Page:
If that’s true, then what happened at the meeting between CIA and the White House some time before February 22, 2003 regarding how to respond to Jane Harman’s letter that–among other things–objected to the destruction of the torture tapes? And why did the CIA go to apparent lengths to share the Pat Roberts briefing with the White House differently than they did the Jane Harman one? Mind you, it is possible that none of these documents show documentary evidence that the CIA consulted with the White House when deciding what to do with Harman’s written warning not to destroy the torture tapes (though, if as it appears, the White House got Pat Roberts’ MFR showing his approval to destroy the torture tapes, then the White House did know about the torture tapes). But if the CIA was working so closely with the White House on these briefings–one of three stated intents of which was to get approval to destroy the torture tapes–then the only way the White House didn’t know about the tapes is if the CIA very carefully gave the White House plausible deniability.

Which would, itself, provide yet more evidence that CIA knew it was involved in a cover-up.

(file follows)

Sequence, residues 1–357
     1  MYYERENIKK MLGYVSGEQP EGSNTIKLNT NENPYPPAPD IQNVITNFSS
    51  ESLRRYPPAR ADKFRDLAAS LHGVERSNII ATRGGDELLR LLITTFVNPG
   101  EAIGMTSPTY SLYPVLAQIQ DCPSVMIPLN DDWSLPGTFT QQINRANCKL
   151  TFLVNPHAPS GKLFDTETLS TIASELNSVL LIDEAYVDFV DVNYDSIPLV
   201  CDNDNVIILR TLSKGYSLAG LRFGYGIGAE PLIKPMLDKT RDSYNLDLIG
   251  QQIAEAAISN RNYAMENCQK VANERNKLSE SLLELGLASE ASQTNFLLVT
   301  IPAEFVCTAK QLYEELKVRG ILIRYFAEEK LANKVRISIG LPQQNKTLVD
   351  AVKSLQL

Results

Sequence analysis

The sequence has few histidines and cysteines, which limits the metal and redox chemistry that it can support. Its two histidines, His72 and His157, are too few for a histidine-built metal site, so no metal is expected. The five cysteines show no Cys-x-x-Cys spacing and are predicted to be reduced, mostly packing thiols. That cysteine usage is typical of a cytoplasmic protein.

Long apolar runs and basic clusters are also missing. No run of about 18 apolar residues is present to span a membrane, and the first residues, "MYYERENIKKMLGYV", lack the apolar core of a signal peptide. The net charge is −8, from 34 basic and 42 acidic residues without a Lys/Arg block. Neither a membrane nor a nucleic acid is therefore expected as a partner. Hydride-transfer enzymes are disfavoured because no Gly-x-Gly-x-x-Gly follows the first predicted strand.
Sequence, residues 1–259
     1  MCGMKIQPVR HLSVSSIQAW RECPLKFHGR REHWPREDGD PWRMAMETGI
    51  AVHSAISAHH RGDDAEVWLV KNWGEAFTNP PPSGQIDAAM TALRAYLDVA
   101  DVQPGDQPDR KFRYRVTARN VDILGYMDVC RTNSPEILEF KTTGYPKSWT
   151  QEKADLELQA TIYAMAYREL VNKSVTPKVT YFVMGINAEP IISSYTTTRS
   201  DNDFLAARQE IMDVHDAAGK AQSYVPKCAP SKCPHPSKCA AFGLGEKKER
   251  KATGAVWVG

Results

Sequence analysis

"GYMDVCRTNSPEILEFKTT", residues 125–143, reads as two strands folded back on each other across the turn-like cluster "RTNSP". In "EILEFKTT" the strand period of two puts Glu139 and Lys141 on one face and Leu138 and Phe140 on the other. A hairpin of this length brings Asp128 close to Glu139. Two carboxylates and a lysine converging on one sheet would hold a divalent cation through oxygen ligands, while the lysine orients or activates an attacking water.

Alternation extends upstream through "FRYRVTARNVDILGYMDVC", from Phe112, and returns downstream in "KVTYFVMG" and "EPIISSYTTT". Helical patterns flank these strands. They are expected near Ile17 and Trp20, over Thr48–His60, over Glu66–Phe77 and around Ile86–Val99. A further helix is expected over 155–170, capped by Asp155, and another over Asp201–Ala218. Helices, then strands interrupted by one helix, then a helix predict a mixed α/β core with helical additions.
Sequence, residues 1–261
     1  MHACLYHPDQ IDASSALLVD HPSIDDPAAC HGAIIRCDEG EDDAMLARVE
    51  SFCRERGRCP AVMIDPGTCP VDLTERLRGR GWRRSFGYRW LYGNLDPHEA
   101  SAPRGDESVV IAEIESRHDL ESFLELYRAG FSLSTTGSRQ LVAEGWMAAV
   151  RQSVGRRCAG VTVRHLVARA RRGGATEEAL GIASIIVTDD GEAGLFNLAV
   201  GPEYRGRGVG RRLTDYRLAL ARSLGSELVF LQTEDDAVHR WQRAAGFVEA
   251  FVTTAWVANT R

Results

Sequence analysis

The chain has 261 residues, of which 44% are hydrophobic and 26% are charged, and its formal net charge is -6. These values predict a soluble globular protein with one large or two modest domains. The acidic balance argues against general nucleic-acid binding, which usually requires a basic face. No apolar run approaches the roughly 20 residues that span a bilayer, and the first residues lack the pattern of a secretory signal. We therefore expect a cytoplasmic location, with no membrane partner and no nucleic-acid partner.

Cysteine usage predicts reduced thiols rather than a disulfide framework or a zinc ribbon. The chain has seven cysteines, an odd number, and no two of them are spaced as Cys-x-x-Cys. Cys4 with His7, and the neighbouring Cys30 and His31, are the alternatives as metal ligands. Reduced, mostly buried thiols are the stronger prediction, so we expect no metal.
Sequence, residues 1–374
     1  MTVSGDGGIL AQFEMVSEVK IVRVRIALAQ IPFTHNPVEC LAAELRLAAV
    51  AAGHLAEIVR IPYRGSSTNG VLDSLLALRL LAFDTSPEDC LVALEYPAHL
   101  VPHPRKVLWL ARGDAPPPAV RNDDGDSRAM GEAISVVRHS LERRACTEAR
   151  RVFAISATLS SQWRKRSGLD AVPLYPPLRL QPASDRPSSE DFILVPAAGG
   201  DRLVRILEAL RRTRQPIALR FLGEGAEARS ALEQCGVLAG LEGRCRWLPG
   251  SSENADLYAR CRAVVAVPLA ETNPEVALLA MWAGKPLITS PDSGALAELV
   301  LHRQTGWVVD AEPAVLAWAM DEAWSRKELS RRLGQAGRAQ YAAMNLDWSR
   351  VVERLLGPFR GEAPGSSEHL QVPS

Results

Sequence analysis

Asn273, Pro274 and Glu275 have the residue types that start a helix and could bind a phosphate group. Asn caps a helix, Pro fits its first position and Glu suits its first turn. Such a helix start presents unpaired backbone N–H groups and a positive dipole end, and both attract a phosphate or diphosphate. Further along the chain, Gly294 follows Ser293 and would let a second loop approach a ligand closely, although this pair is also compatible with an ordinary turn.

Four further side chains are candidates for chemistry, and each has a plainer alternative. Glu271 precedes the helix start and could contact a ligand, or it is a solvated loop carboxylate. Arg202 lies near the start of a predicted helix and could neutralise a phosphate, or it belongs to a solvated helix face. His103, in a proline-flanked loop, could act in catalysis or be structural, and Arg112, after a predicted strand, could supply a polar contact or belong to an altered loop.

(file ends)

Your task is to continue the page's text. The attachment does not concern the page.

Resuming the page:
Here’s the bottom line. There is a great deal of evidence that Jose Rodriguez knew as early as September 6, 2002 that he needed to destroy evidence of the torturers exceeding the guidelines set in DC. According to anyone’s definition, that means Rodriguez knew years before he had the tapes destroyed he was destroying evidence of torture, even by Jay Bybee’s and possibly John Yoo’s measure.

Yet the AP–in their “most complete published account”–doesn’t even mention that torture?

Marcy has been blogging full time since 2007. She’s known for her live-blogging of the Scooter Libby trial, her discovery of the number of times Khalid Sheikh Mohammed was waterboarded, and generally for her weedy analysis of document dumps.

Marcy Wheeler is an independent journalist writing about national security and civil liberties. She writes as emptywheel at her eponymous blog, publishes at outlets including the Guardian, Salon, and the Progressive, and appears frequently on television and radio. She is the author of Anatomy of Deceit, a primer on the CIA leak investigation, and liveblogged the Scooter Libby trial.

Marcy has a PhD from the University of Michigan, where she researched the “feuilleton,” a short conversational newspaper form that has proven important in times of heightened censorship. Before and after her time in academics, Marcy provided documentation consulting for corporations in the auto, tech, and energy industries. She lives with her spouse and dog in Grand Rapids, MI.

  1. klynn says:

    There is a great deal of evidence that Jose Rodriguez knew as early as September 6, 2002 that he needed to destroy evidence of the torturers exceeding the guidelines set in DC. According to anyone’s definition, that means Rodriguez knew years before he had the tapes destroyed he was destroying evidence of torture, even by Jay Bybee’s and possibly John Yoo’s measure.